« VorigeDoorgaan »
births of London in a ratio considerably greater than the general proportion; while, on the other hand, although funerals are performed by the Messrs. Earthworm in the next street, "on a scale unprecedentedly low," the inhabitants still refuse to die in anything like encouraging numbers to reward the speculation of those enterprising tradesmen. The fact would appear to be that Strawberry Street is a healthy locality, in spite of its indifferent drainage, which is perhaps balanced by its standing on a gentle declivity; and in spite of its want of paving, for it has never been paved, unless a single line of flag-stones down the centre of the footways is to be called paving. Perhaps the mud of the rainy season is somewhat mitigated by the flocks of pet ducks which pick a living out of it somehow, along with a battalion of scrubby cockney fowls, much abbreviated in the articles of wing and tail, whose clucking and crowing, mingled with the barking of a band of ragged terriers, the clink and thump of tools, and the bawling, shouting, and laughter of innumerable weather-proof children, make up the music of the place. Perhaps the street is healthy because labour is healthy; and hard work for ten hours a day is the lot of most of its inhabitants, who, for the most part, do not look for any other.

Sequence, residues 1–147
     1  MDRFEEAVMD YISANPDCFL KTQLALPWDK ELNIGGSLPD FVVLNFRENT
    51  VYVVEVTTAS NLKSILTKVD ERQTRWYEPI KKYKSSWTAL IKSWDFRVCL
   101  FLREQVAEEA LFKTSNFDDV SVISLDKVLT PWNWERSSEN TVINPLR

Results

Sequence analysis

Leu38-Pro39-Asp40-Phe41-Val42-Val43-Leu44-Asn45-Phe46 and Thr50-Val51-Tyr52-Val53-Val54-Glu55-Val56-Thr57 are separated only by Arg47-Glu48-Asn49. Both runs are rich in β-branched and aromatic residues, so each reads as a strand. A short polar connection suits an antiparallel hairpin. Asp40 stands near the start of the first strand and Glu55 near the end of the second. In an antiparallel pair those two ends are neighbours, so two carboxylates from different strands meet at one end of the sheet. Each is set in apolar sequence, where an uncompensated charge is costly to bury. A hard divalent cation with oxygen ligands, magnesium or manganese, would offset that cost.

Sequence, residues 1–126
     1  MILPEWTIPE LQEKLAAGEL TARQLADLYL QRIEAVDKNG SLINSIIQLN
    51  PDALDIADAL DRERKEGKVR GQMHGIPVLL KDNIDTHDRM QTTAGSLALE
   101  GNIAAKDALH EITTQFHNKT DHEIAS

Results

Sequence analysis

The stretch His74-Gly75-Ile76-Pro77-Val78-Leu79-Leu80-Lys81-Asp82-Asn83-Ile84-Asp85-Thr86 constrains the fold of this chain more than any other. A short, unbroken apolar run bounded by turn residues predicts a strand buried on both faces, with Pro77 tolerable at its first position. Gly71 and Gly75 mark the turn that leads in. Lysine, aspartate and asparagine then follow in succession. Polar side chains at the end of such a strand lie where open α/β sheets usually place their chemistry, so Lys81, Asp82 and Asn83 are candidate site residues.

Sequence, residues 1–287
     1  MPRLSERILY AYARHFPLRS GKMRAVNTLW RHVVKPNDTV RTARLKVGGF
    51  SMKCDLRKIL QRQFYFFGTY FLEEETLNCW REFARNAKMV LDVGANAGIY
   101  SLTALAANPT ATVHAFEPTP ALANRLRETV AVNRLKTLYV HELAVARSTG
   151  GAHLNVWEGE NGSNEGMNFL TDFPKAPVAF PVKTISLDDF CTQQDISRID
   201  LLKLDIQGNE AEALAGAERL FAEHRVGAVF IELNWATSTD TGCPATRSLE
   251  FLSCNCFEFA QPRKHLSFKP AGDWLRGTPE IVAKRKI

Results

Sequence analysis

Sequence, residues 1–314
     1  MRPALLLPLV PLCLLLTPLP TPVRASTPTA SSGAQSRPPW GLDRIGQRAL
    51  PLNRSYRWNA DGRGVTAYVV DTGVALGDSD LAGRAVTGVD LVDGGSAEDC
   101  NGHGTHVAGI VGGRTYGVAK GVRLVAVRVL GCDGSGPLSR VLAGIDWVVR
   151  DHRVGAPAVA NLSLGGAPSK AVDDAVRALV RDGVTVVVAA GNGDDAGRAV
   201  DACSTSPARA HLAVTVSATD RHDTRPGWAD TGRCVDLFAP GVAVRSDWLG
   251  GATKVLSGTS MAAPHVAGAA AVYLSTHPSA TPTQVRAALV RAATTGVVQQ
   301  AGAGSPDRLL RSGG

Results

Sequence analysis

We said at the outset that the history of Strawberry Street was like that of many a human subject. Have we not shown it to be so? Does not many a pretentious spark, who comes to London purposing to gratify all manner of ambitions, get shifted by fortune down, and down, and down the ladder of loftiness, step by step, until he feels a firm footing at last, it may be very near the lowest round, and finds his vocation where nature designed it for him, in doing what he is best fitted for? Yea, verily, for we have witnessed this descent a hundred times, and generations unborn shall witness it after us. Another point of resemblance: ask for Strawberry Street now, and you shall be told you mean
Strawby Street. Familiarity has knocked off a syllable from the designation. If Miss Montgomery had remained at No. 10 till this time, it is our opinion she had been lopped down to Gumry. So it is that, if you inquire for Mr. Robert Fitzwilliams, who came to town in '34, intending to be one day developed into a city alderman, you may chance to find him doing duty as "Bob Wills," on a policeman's beat, and shining only in a glazed hat.
GREAT PUBLIC QUESTIONS.